Sometimes being critical pays off, even if it’s just to have that “told you so” ammo stashed away in the back pocket, ready to whip out at a moment’s notice when truth catches up with blarney, or to avoid the feeling of crushing disappointment that comes at the same juncture as reality hits from being led astray.

In sports, heck, in all facets of life today, how can you be any other way … if you hope to maintain any modicum of sanity or any semblance of perspective?

Some words to the wise: Stop believing the hype. Whatever it is. Now.

Our latest uproar in the athletic realm may be among the most lame. From point shaving to performance-enhancing drugs, our BS cup has runneth over time and again. Yet, we keep going back for more in that ever-elusive, apparently never-ending hunt for pure glory, a true hero, some sort of salvation in a sports context. Who really knows why. But it continues with no end in sight.

We make judgments off character assessments or how good/bad a story sounds. We rip one guy and then rationalize for the next guy after they commit the same exact “crime.” In the court of public opinion, Sammy Sosa was more likable then Mark McGwire, so he was less guilty. McGwire was more likable than Barry Bonds, so he was less guilty. The sliding scale is nothing new, but it’s still silly.

For me, though, the real issue is linking personality, or the “person” we think an athlete is, to his performance – and grading that out based on how well he rates on our good-guy meters that are too often distorted by misinformation or wishful thinking.

Et tu, Manti?

Which brings us to our favorite All-American fairytale artist from Notre Dame, Manti Te’o, and his legion of loyal supporters. Forgive me my cynicism, but I never got wrapped up in his gut-wrenching angst over a double shot of personal loss, especially the death of his “girlfriend,” and how it propelled him to be this superman on the gridiron this past season for two reasons.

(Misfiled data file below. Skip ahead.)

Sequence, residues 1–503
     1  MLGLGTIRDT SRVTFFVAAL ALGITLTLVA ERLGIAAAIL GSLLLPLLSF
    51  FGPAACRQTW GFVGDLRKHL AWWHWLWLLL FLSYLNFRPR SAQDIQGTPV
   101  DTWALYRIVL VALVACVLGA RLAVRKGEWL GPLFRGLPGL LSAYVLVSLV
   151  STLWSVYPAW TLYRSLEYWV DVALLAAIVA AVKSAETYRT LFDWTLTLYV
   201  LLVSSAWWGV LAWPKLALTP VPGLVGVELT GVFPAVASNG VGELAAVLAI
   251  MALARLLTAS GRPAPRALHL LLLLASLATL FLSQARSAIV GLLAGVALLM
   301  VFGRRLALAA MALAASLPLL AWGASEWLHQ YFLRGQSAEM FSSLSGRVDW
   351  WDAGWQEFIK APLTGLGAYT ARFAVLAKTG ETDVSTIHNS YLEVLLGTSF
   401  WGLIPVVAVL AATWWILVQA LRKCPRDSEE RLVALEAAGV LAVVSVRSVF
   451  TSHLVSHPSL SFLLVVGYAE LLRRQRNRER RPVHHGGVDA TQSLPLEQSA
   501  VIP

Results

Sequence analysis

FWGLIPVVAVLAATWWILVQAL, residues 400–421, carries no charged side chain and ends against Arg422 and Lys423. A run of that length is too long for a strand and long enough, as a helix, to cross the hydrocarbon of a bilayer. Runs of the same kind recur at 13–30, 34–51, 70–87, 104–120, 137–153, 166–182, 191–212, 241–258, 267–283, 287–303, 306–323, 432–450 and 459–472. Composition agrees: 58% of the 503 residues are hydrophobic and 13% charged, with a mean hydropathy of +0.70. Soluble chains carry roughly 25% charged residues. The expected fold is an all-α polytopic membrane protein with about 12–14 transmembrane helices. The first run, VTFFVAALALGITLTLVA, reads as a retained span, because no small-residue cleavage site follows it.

First, the former was his own business and the fact he made it public and continued to do so should have had red flags poking the nation’s consciousness right in the nose. Second, and more important to me, I never saw the latter that others seemed to imagine and turn into fact within their craniums.

Te’o was a big-name recruit for the Fighting Irish. He had a very good career. He had very good senior campaign in which he showed an incredible knack for being in the right place at the right time with regard to interceptions. He had seven all told, tying for second in the country in that category.

But he wasn’t great, or exceptional, by any stretch in 2012. He had better seasons as a sophomore and junior, to be perfectly blunt. Yet, he was championed as the proverbial “best player on the best team” in his Heisman quest, but, really, was he? Defensive end Stephon Tuitt and his 13 sacks may beg to differ.

Tuitt didn’t have the touching tale to strengthen his case, though. For that matter, neither did eventual Heisman winner Johnny Manziel, making for one of the most ridiculous challenges ever for college football’s top individual honor.